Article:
In a comprehensive care facility, patients have immediate access to physicians, psychiatrists, and rehabilitative therapists, so they don’t have to choose between physical or emotional healing. At Nexus Children’s Hospital, our programs are staffed with interdisciplinary experts who work closely together, sharing insights and coordinating care to ensure the whole child — body and mind — receives adequate care.

2. Combining medical expertise and a psychiatry program can improve medical outcomes

Interdisciplinary care is not only more holistic and efficient, but also more effective. Studies show a statistically significant link between comprehensive treatment and improved medical outcomes. In a 2012 review of 79 studies, for example, integrated care was shown to promote better physical health outcomes, including improved diabetes control, lower blood pressure, and improved asthma management.

At Nexus, we see these improved outcomes on a daily basis. By collaborating across specialties, our clinicians develop highly personalized treatment plans that synthesize insights from multiple disciplines, as well as the entirety of a patient’s history and symptoms. When children and adolescents feel emotionally stable and supported, they approach medical goals with a more positive outlook, leading to improved physical health.

3. Integrated networks of care provide vital social support

Another benefit of comprehensive pediatric programs is the layer of social support they provide. Therapists, case managers, and even other patients and families can share valuable insight and knowledge in these programs. For children and caregivers navigating chronic illness or recovery from a traumatic injury, feeling supported by a network of peers and professionals can reduce stress and improve overall wellbeing.

We believe it takes a village to heal the whole child. That’s why Nexus programs incorporate training, education, and emotional support for families and encourage interaction among patients. When caregivers and patients are equipped with comprehensive knowledge about co-occurring conditions, they feel more hopeful and positive, which improves medical outcomes. A 2018 study of patients with chronic obstructive pulmonary disease illustrates this dynamic: those with high levels of social support had better lung function and were less likely to experience exacerbations of their condition.4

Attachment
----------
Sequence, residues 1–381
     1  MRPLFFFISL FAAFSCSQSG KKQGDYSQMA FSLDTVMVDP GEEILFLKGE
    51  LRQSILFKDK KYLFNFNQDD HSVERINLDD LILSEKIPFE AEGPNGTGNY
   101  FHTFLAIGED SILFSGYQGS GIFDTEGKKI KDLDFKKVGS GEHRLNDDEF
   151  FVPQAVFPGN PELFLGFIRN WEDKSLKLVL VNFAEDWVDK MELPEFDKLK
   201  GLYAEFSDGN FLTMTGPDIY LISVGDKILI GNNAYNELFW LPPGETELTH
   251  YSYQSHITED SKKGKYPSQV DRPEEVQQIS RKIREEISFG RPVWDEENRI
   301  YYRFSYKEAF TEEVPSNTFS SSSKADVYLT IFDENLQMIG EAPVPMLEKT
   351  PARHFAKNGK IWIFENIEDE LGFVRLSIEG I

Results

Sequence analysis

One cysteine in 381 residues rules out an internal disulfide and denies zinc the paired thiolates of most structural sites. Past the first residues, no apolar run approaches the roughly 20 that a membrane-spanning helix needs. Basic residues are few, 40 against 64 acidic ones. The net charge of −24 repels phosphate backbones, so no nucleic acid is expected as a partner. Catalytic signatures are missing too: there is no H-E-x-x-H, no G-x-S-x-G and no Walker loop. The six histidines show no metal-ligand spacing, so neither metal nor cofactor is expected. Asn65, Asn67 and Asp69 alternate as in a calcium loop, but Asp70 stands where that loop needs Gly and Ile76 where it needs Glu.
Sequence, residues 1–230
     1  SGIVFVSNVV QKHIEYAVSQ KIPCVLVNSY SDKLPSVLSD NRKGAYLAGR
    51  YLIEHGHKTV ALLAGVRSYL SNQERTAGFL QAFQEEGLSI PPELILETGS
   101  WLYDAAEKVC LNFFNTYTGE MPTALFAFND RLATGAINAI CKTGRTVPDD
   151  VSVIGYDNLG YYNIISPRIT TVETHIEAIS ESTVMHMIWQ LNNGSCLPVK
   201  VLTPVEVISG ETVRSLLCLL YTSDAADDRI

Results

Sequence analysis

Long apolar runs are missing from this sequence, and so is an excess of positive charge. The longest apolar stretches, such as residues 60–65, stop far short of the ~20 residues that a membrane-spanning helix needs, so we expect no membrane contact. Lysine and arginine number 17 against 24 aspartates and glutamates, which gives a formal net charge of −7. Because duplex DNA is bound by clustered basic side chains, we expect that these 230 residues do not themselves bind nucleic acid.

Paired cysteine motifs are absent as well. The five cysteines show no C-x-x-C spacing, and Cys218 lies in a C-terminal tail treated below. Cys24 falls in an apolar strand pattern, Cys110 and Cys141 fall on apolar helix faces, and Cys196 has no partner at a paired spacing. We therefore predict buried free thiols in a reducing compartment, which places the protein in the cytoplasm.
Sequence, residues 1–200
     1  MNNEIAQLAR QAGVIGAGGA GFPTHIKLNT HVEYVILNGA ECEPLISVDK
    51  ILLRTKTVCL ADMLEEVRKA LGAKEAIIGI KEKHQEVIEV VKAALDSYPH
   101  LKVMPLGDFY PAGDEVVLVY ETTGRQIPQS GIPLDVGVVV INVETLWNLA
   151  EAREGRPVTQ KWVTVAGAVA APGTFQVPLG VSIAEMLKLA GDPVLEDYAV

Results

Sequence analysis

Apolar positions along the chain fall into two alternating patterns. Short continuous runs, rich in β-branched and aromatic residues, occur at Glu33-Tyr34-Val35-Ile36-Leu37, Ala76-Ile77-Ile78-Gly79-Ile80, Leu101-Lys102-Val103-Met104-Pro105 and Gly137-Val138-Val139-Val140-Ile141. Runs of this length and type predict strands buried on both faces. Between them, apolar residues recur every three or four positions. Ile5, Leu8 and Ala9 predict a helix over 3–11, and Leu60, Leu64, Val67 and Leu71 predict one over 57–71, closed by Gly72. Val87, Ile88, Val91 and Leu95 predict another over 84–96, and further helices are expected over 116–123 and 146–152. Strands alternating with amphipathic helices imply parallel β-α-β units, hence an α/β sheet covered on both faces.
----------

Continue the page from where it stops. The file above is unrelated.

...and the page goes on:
Find integrated medical and behavioral care at Nexus Children’s Hospital

We understand the critical importance of integrated medical and behavioral care. That’s why our pediatric programs are staffed with multidisciplinary teams representing a range of specialties, from medical and psychiatric to behavioral and rehabilitative care. Providing a home away from home as children progress through their journey to healing, we offer safe, nurturing pediatric environments for children and adolescents with primary medical issues and co-occurring psychiatric or behavioral conditions.

Learn more about how we integrate medical and behavioral care in Nexus programs.

1Improving Mental Health Services in Primary Care, American Academy of Pediatrics

2The Doctor Is Out: Continuing Disparities in Access to Mental and Physical Health Care, NAMI

3PTSD Symptoms Common Among ICU Survivors, Johns Hopkins Medicine

4COPD Care in the 21st Century: A Public Health Priority, Respiratory Care